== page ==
I’ve been reading Nine Stories on the metro lately, which I always thought I’d read before, but apparently I only ever read the first one. In "Teddy," the last one, I encountered this sentence last night, which I really enjoyed:
“His smile was not unpersonable, but it was social, or conversational, and related back, however indirectly, to his own ego.”
There’s so much great writing that doesn’t strictly abide by the show, don’t tell principle, especially on a sentence-by-sentence basis. This exuberant kind of writing that doesn’t skimp on the descriptors lends itself to comedy much better, I think, than its spare counterpart, and the mere abundance of words doesn't (IMO) make it any less literary. Of course, it's Salinger we're talking about, and as always, anyone really good can break any kind of rule set out to help the rest of us mere mortals along.
Another thing I’ve been wondering about Salinger as I’ve been reading this…what, exactly, does kittenish mean? Or what did it used to mean at the time he was writing? I always thought it meant something along the lines of weak and cute, but I’ve seen it in a few sentences where it appears to be otherwise.*
And.....I like this list of "books to savour" from Flavorwire – not least because I have been savouring two of them for months now. Bleak House (which I’ve read before) is the go-to book on the Kindle app on my phone for reading before bed. And Gilead by Marilynne Robinson is one of several books I’ve been reading while doing my edits…both the last round and this round....which gives you a clue of just how slowly I've been savouring it. Gilead in particular is not a book with a ton of forward plot momentum (and therefore perhaps maybe not the best thing to be reading while trying to cobble my ending back together…hmmm). But it is full of rather wonderful passages like this:
"A great part of my work has been listening to people, in that particular intense privacy of confession, or at least unburdening, and it has been very interesting to me. Not that I thought of these conversations as if they were a contest, I don't mean that. But as you might look at a game more abstractly---where is the strength, what is the strategy? As if you had no interest in it except in seeing how well the two sides bring each other along, how much they can require of each other, how the life that is the real subject of it all is manifest in it. By "life" I mean something like "energy" (as the scientists use the word) or "vitality," and also something very different. When people come to speak to me, whatever they say, I am struck by a kind of incandescence in them, the "I" whose predicate can be "love" or "fear" or "want," and whose object can be "someone" or "nothing" and it won't really matter, because the loveliness is just in that presence, shaped around "I" like a flame on a wick, emanating itself in grief and guilt and joy and whatever else. But quick, and avid, and resourceful. To see this aspect of life is a privilege of the ministry which is seldom mentioned."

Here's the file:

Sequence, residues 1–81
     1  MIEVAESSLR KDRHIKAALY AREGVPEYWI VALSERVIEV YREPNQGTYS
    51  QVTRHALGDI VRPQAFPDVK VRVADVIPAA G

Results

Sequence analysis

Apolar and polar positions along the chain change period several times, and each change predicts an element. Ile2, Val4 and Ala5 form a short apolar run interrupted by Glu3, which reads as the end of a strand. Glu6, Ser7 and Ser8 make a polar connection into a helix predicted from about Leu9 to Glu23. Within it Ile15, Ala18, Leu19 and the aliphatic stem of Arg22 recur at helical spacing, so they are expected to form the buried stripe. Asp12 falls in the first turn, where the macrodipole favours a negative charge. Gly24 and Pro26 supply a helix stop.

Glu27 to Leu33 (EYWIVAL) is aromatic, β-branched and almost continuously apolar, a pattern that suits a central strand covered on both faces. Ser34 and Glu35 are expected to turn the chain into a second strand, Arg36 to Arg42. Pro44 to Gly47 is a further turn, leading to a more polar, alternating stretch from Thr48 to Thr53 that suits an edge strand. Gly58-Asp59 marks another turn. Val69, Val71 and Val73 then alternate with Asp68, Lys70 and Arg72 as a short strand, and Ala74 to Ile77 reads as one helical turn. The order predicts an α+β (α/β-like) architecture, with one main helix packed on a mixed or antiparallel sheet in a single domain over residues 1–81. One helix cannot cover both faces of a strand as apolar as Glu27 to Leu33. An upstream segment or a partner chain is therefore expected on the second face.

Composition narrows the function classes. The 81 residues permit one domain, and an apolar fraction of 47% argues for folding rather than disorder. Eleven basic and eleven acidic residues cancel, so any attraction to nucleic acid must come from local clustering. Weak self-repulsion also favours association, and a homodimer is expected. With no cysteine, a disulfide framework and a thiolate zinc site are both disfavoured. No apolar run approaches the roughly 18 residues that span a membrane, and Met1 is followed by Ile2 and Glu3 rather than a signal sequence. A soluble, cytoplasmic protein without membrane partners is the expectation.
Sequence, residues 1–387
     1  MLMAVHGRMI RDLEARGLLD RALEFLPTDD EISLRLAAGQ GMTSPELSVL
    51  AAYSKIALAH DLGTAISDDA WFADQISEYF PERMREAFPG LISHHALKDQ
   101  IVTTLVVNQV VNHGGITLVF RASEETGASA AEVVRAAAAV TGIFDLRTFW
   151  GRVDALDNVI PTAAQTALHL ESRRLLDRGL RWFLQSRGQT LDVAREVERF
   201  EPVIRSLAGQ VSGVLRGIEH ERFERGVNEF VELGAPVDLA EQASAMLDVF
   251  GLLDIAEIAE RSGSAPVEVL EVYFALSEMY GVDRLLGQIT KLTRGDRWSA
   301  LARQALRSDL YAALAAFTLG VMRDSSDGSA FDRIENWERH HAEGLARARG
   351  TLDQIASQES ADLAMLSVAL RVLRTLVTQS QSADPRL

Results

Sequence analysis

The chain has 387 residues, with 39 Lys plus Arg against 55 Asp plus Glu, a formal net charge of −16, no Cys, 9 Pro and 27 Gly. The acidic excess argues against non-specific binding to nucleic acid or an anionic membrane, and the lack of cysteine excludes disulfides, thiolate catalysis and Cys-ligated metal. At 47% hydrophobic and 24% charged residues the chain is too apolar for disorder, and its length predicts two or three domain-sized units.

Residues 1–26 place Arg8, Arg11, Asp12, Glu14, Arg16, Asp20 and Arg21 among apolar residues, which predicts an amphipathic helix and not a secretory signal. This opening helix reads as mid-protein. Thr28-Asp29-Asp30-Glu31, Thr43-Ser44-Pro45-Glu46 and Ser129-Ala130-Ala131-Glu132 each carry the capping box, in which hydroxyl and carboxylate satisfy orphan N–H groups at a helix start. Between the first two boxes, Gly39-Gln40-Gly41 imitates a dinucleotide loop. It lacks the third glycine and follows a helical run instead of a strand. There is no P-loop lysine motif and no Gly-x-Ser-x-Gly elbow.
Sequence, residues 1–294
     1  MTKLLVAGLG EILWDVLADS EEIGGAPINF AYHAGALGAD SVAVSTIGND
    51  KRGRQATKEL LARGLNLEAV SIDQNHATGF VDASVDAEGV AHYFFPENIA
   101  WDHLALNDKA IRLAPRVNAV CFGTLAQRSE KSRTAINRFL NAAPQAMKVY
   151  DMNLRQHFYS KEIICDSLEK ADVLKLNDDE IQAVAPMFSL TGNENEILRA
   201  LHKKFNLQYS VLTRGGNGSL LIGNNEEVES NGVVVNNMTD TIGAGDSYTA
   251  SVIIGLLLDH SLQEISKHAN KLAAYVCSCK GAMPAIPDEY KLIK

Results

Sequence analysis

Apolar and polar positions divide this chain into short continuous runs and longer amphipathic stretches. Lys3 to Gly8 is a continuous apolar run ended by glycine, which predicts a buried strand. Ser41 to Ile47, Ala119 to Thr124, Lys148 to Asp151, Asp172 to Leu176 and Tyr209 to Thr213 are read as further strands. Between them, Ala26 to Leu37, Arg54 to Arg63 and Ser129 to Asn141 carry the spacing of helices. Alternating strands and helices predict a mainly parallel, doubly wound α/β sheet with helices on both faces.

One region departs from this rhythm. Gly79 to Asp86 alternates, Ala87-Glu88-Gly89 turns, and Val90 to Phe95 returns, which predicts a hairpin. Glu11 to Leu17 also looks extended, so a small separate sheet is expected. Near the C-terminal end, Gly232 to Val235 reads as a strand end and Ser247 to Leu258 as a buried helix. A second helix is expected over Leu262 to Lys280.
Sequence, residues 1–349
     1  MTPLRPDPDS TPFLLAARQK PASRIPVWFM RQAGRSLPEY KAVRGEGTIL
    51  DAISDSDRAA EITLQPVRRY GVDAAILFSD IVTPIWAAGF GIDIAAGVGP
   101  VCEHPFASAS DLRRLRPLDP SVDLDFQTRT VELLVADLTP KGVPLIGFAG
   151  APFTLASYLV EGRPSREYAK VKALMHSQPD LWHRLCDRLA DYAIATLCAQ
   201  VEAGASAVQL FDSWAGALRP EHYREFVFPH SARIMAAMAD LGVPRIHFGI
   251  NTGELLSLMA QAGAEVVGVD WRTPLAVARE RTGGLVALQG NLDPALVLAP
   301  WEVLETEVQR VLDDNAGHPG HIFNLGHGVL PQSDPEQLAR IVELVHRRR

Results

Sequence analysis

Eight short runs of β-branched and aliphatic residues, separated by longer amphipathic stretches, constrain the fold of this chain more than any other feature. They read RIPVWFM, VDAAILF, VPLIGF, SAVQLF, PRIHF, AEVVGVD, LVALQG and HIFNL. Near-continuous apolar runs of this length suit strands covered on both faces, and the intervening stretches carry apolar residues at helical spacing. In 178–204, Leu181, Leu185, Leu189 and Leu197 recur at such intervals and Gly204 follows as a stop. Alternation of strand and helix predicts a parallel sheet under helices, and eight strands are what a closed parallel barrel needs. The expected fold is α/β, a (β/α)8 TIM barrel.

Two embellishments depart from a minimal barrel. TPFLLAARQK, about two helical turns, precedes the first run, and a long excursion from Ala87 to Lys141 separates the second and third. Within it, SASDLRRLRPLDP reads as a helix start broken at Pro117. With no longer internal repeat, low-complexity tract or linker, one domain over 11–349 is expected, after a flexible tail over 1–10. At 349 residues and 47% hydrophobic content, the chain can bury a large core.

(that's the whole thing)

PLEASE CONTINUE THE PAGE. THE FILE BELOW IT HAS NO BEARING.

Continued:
I think you'll agree that it's not exactly action-packed, in the usual sense. Very easy to enjoy...and put down...and pick back up without needing to remember what has already happened. (So far: nothing really <-- awesome!)